1,722 publications found
Sort by
Preassembly Theory Invoking Prehistoric DNA Alterations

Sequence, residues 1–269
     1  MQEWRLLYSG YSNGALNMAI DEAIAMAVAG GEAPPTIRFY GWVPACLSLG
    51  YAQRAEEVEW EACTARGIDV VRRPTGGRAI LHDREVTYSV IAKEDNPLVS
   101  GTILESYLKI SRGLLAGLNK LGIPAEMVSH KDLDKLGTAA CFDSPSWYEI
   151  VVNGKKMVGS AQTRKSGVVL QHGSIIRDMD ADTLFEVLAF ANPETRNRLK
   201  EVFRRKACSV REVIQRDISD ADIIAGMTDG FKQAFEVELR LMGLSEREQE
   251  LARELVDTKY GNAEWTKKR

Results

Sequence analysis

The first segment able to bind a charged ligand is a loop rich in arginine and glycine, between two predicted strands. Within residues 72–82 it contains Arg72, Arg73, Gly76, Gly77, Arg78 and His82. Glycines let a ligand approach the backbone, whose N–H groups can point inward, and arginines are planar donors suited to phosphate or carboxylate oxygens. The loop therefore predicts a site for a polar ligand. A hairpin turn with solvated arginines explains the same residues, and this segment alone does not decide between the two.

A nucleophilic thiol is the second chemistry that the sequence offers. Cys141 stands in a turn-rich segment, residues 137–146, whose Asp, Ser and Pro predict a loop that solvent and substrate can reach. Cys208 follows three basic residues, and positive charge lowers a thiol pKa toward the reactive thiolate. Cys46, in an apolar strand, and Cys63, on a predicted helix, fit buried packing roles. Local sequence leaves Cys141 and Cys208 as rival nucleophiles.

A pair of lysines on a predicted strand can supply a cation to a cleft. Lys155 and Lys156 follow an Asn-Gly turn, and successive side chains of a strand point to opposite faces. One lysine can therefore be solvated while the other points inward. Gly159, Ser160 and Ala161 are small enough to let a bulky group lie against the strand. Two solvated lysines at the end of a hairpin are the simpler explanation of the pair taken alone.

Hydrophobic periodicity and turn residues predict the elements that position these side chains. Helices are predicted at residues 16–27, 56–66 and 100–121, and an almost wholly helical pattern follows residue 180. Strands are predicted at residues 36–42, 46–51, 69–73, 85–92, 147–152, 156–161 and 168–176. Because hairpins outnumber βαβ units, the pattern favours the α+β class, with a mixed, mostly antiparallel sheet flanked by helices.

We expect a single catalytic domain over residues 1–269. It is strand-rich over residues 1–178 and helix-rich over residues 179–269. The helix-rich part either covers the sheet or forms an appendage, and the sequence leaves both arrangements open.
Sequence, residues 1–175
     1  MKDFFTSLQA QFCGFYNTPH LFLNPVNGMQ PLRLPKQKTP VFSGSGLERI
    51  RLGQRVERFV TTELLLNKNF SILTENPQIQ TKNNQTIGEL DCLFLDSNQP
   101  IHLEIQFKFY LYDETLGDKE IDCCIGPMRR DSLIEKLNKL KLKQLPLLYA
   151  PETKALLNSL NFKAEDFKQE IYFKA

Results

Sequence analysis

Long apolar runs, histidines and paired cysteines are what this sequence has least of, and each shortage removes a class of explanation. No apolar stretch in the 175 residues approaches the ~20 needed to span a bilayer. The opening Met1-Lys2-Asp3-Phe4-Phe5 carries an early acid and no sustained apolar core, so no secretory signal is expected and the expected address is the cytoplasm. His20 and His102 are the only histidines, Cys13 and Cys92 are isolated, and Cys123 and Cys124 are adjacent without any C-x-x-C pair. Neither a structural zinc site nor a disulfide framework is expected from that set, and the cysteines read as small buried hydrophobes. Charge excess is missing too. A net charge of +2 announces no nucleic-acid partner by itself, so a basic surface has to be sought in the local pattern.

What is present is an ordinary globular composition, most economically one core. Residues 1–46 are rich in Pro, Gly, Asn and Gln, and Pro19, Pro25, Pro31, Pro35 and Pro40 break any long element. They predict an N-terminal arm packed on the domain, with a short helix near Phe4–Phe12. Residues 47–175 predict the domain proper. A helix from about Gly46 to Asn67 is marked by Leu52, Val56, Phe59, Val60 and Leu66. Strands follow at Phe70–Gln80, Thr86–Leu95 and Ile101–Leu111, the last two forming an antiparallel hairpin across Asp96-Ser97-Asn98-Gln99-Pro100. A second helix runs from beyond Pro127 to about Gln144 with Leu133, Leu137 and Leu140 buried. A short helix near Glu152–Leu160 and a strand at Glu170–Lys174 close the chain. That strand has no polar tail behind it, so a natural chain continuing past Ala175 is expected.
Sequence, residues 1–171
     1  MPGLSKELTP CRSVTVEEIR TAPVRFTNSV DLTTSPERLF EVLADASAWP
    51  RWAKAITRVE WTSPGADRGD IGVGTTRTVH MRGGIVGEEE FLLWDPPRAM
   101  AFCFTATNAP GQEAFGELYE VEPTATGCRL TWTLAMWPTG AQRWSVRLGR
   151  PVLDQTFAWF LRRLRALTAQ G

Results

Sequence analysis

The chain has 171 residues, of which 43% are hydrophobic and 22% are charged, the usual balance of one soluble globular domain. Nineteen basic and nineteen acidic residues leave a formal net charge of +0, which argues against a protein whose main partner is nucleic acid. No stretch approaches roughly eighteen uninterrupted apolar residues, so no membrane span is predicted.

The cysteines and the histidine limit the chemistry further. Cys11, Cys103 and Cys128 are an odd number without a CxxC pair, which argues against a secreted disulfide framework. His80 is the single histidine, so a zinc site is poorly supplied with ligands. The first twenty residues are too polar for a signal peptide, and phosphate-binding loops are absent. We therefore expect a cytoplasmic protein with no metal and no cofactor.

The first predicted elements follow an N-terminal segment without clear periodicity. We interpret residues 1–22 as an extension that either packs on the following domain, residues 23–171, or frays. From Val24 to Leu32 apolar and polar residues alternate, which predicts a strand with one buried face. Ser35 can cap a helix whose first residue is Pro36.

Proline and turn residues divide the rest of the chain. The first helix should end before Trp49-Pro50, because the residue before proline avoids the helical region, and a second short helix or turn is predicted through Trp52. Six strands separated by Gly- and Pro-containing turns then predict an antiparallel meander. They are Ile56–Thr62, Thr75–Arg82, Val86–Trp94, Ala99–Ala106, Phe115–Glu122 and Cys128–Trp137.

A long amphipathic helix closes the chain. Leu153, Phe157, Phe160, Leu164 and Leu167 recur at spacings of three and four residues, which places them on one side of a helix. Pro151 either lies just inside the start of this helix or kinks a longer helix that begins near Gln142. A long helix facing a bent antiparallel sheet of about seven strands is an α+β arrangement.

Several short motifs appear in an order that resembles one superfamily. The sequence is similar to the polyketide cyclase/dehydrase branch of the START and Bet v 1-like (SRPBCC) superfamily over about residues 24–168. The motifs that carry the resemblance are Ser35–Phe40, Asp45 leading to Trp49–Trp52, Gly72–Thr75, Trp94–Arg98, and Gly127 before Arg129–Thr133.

Preassembly refers to an evolutionary mechanism that complements current theory. It proposes that genes and gene fragments, formed over the eons among libraries of noncoding genes, ultimately contributed to coding sequences. Previous publications of ours on preassembly have helped explain many enigmas that beset modern biology; for example, the Cambrian explosion (“one of the most remarkable and puzzling events in the history of life,” S. J. Gould), and the appearance of flowering plants with their sparsity of precursors (an “abominable mystery,” C. R. Darwin). The rapid evolutionary development of the domestic cat and human intelligence is also viewed as evidence for a mechanism supplementing neo-Darwinism. The current account centers on convergent evolution as interpreted via DNA preassembly. Convergent evolution refers to the development of near-identical traits in organisms that lack a common ancestor. A prime example is the remarkable similarity between the eyes of humans and octopuses. When early ancestors of these species split apart on the evolution tree, hundreds of millions of years ago, only eyespots existed. Clearly, convergent eyes in the two organisms evolved independently. Current evolutionary belief says that the eyes appeared after Nature had first screened hundreds of mutations, one at a time, and that this multistep and random process produced, fortuitously, two near identical structures. Preassembly, on the other hand, proposes primeval genes, or DNA segments, that had been collected over vast time periods within huge libraries of noncoding DNA (i.e., “preassembled genes”). Ultimately, these DNA units were incorporated into functional genes, a process possibly aided by genetic site-scanning.